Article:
Like the fellow in the Sam Cooke song, Blinken doesn’t know much about history or geography. Unlike the man in the song, he doesn’t know that one and one is two, by which I mean Russia and China.
Richard Nixon opened diplomatic relations with China three years before the fall of South Vietnam, securing China’s tacit agreement not to exploit the Communist victory by exporting the revolution to the rest of Southeast Asia.
America’s defeat in Vietnam, damaging as it was, had a limited impact in the region. Afghanistan, by contrast, will draw China and Russia into a dominant role in Central and Western Asia.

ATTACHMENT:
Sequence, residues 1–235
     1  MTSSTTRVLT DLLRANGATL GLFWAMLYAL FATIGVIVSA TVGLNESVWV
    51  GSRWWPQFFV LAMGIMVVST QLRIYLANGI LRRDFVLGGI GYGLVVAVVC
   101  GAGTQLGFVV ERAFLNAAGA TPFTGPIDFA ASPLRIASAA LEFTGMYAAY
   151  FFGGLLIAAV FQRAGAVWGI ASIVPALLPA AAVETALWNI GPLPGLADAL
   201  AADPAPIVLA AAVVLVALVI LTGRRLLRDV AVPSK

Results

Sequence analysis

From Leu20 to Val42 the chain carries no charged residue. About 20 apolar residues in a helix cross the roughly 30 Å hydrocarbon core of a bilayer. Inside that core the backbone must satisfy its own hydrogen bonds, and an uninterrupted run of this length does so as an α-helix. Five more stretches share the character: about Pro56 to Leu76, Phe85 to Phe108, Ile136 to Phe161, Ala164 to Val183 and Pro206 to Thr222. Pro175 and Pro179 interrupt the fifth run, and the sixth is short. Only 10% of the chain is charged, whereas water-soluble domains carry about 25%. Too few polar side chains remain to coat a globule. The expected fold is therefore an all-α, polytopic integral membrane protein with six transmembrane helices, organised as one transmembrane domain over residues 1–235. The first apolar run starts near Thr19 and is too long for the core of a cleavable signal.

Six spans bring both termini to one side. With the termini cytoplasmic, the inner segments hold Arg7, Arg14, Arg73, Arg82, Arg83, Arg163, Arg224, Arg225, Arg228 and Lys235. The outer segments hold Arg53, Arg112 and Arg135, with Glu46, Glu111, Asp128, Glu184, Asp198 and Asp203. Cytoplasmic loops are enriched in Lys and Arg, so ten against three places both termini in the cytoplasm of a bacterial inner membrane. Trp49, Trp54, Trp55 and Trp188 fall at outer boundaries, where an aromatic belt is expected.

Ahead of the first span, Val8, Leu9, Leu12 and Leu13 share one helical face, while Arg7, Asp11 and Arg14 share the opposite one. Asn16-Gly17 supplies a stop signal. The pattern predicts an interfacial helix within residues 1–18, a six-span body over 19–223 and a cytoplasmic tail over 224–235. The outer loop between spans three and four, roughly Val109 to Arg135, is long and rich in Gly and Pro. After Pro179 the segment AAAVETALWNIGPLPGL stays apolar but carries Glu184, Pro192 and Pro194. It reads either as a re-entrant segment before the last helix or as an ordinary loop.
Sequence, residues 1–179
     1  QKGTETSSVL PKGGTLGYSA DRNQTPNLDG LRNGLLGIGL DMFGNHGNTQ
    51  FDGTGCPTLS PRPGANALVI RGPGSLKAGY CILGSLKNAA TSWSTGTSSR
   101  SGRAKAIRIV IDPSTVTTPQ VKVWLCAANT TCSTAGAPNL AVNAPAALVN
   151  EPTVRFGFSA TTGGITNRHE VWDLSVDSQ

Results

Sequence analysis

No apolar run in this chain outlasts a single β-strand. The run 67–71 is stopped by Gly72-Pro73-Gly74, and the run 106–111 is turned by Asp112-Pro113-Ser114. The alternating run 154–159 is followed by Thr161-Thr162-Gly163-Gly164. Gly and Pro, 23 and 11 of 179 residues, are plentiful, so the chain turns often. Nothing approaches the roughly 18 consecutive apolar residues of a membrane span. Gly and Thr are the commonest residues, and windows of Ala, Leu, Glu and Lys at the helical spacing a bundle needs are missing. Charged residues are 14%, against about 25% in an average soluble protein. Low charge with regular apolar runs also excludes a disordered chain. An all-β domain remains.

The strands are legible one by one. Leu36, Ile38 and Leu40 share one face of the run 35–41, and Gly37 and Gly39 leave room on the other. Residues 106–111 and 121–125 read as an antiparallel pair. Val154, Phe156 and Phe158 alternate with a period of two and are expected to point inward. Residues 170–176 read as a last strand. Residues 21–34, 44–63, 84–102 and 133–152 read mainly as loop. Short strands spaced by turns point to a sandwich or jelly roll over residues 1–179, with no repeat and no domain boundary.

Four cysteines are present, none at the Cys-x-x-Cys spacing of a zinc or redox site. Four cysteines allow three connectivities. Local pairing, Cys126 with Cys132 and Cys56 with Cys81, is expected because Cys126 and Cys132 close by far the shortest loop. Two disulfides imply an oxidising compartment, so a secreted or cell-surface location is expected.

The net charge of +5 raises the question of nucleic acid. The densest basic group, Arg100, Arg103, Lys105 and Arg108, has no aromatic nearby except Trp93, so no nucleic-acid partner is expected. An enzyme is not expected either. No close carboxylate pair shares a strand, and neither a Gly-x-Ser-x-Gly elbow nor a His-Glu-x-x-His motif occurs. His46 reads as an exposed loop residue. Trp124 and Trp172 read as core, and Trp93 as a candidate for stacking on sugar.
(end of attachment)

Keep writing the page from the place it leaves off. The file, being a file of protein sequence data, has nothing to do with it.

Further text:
The defeat of an American proxy regime by Taliban irregulars marks the first victory for a jihadist army against Western military forces since the annihilation of a British expeditionary force in Afghanistan in 1842.
The collapse of the reality show posing as the government of Afghanistan in August created a problem for China as well as Russia. The United States spent US$2 trillion, or an average of $50 billion a year over 20 years, in a country whose annual GDP barely amounted to $20 billion.
The tsunami of American money corrupted everyone and everything, including the American military. The US created not a government, but a reality show in which hired actors stole all the props.
When the Americans announced their departure, the relevant Afghans said in so many words: “The show’s been canceled – where do we audition for the next one?”
What is on your mind today?